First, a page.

Ireland too dependent on corporation tax, says IFAC
Ireland must reduce its reliance on corporation tax and take a cautious approach to it, said the chairman of Ireland’s Tax Advisory Council.
Sebastian Barnes told the Oireachtas Budget Watch Committee that it is still very unclear what will happen politically internationally and in the United States with ongoing negotiations around a global agreement on corporate tax and things could change.
But he said a potential impact of a change would be a loss of corporation tax, which the government says could be around 2 billion euros, but IFAC estimates could be as high as 3 Billions of Euro’s.
He also said there could be an impact on the economy as some businesses might pull out, although that seems relatively unlikely, or other new businesses might not come here as they deem Ireland less attractive.
He added that what makes the situation very difficult is that corporate tax revenues are very concentrated around a small number of companies, which makes it very difficult to predict what the effects will be.
As a result, he said, Ireland needs to reduce its reliance on the tax because there are a lot of risks there.
“A lot of money comes from a relatively small number of sources where things could change relatively quickly,” he said.
Labor Funding spokesman Ged Nash asked Mr Barnes if he thought the government should revise its figures for the potential loss that would arise from changes to the global corporate tax system.
The IFAC boss said it was remarkable that the overall level of corporate tax revenue was significantly higher than a few years ago and that those figures continue to be very high.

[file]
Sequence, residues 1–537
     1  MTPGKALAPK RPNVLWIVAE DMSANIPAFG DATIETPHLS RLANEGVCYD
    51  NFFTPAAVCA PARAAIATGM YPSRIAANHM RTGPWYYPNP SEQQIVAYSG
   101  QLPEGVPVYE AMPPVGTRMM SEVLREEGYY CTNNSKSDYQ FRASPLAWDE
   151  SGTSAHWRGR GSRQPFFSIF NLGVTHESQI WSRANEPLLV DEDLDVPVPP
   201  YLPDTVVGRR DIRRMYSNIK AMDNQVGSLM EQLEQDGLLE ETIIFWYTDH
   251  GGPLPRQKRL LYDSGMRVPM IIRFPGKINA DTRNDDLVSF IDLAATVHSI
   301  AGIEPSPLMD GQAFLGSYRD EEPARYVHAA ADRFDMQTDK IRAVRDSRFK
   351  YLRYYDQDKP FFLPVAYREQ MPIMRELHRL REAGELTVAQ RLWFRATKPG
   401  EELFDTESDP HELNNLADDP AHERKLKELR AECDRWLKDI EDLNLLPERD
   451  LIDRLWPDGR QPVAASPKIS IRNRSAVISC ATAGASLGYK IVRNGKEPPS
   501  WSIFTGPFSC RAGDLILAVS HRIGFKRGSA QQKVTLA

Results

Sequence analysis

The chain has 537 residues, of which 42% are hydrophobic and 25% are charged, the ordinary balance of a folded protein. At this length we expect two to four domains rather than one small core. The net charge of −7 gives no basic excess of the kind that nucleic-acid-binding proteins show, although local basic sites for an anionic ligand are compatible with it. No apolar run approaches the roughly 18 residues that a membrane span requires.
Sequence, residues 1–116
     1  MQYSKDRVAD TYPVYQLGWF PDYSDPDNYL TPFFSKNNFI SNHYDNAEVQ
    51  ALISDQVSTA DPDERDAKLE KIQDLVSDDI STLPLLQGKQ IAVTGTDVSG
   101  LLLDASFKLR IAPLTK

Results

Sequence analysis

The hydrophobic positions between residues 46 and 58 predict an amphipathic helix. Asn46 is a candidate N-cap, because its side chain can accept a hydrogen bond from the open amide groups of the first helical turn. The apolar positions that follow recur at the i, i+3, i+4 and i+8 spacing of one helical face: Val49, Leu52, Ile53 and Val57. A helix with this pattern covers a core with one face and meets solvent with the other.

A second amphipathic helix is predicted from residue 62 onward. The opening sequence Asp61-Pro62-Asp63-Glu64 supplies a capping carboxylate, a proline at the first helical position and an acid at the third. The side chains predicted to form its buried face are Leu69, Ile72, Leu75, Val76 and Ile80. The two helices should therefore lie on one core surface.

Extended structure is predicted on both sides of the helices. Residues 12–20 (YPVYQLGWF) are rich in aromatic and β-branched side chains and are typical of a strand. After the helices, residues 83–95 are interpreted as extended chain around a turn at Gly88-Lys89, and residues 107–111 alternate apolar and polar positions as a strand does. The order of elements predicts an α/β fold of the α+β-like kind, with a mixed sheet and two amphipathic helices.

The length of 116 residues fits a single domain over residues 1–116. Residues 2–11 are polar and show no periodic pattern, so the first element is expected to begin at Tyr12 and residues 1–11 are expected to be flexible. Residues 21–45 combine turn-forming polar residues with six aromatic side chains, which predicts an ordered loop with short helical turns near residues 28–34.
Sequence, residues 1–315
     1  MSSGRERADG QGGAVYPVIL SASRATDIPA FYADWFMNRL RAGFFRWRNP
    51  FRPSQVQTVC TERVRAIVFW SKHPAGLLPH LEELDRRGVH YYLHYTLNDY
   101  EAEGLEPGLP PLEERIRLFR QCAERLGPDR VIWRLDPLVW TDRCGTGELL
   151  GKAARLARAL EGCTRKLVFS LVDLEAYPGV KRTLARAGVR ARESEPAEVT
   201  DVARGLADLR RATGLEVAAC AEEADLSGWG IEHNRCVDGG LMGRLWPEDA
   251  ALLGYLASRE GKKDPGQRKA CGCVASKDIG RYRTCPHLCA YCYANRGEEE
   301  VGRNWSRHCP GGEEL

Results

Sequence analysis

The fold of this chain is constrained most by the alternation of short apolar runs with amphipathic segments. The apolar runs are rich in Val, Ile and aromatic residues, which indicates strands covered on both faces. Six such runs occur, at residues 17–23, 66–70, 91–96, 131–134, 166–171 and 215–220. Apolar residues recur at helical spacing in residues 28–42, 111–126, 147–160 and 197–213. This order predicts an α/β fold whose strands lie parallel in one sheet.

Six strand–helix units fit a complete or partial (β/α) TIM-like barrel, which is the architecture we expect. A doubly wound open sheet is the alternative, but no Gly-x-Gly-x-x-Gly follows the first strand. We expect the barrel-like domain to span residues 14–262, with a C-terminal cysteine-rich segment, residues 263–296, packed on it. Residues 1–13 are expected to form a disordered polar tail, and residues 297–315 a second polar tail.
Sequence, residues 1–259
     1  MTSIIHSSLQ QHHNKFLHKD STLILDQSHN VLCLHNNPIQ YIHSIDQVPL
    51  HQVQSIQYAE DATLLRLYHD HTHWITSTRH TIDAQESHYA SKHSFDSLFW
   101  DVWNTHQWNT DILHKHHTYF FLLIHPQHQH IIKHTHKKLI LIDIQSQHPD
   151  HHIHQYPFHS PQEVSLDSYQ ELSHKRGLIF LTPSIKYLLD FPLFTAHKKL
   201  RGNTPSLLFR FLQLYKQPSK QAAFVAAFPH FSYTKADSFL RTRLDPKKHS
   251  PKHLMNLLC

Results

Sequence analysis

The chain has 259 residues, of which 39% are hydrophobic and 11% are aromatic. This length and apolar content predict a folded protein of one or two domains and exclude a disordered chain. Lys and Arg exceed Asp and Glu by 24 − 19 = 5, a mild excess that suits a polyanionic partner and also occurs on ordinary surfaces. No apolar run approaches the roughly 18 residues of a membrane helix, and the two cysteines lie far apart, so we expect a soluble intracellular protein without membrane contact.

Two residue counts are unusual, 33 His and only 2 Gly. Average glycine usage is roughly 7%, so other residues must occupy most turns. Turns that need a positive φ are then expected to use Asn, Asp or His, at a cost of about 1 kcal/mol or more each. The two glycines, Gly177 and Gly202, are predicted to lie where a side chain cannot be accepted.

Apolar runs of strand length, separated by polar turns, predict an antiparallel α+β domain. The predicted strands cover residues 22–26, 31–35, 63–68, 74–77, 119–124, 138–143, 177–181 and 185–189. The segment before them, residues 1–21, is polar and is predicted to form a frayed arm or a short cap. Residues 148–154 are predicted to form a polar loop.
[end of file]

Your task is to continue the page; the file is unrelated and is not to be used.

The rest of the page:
As a result, he said some of that extra money may well be at risk.
“So maybe those risks have increased, but it’s really very hard to say, so I think the only thing to do is to take a relatively cautious approach,” he said.
Mr Barnes also told the committee that, in the council’s assessment, the government’s €4.7 billion budget package appears to be on the edge of what is prudent.
He added that beyond next year, the government should prioritize between its plans for a significant expansion of public investment, rapid increases in current spending and a desire to cut taxes.
“By expanding all areas at once, the government is effectively avoiding hard choices and slowing the return of debt ratios to safer levels,” he said.
“This reduces the possibility of ensuring that future downturns or crises could be cushioned by strong fiscal support in the same way as we have seen during the pandemic.”
“A more cautious approach would be to limit current spending to a slower rate of increase or not to implement tax reduction plans at the same time that an increase in public investment is underway.”
Mr Barnes also said he recognizes the need to invest in infrastructure when interest rates are low.
But he said there were questions about the ability of the economy to catch up at this speed and that it needed to be managed with caution, adding that it carried risks.
He said the government had failed to explain how managing persistent multi-year deficits was in line with EU fiscal rules.
At first glance, he said, this does not seem coherent, but the government should explain what its strategy is.
“There may be special circumstances relating to the high level of investment that Ireland expects in the coming years, but at the moment EU rules essentially do not take this into account,” he said. he declares.
On housing, Mr Barnes said the government needs a much better economic assessment of what it plans to do under the housing for all strategy and the resulting impacts on rents and house prices.